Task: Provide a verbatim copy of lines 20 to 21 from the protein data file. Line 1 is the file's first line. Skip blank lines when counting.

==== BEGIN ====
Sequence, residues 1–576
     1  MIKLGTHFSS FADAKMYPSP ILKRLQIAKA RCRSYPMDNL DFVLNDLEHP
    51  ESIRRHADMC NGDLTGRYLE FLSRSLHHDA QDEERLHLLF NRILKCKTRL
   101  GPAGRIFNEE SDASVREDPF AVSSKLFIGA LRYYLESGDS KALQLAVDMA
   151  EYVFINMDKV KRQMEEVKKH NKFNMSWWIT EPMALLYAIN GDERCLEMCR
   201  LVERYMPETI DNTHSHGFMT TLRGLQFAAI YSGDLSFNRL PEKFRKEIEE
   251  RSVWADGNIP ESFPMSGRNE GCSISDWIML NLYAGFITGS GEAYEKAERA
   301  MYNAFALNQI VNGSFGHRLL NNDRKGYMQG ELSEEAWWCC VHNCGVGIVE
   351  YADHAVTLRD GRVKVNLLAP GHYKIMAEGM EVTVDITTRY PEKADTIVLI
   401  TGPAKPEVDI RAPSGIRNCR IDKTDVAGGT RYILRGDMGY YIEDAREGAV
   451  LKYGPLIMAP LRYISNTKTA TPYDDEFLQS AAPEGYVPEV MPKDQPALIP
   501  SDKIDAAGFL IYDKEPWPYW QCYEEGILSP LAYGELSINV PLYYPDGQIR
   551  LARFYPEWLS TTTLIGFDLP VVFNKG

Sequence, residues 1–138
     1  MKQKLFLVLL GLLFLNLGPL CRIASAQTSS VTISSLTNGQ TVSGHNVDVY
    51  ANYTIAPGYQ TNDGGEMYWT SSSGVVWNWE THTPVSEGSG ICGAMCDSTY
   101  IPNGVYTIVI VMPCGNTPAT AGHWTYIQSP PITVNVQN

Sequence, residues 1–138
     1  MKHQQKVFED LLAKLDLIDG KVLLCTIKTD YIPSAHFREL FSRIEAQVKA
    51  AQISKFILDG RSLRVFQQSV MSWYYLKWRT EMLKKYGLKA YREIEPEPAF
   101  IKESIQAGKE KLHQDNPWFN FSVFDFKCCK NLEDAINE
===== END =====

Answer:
    51  AQISKFILDG RSLRVFQQSV MSWYYLKWRT EMLKKYGLKA YREIEPEPAF
   101  IKESIQAGKE KLHQDNPWFN FSVFDFKCCK NLEDAINE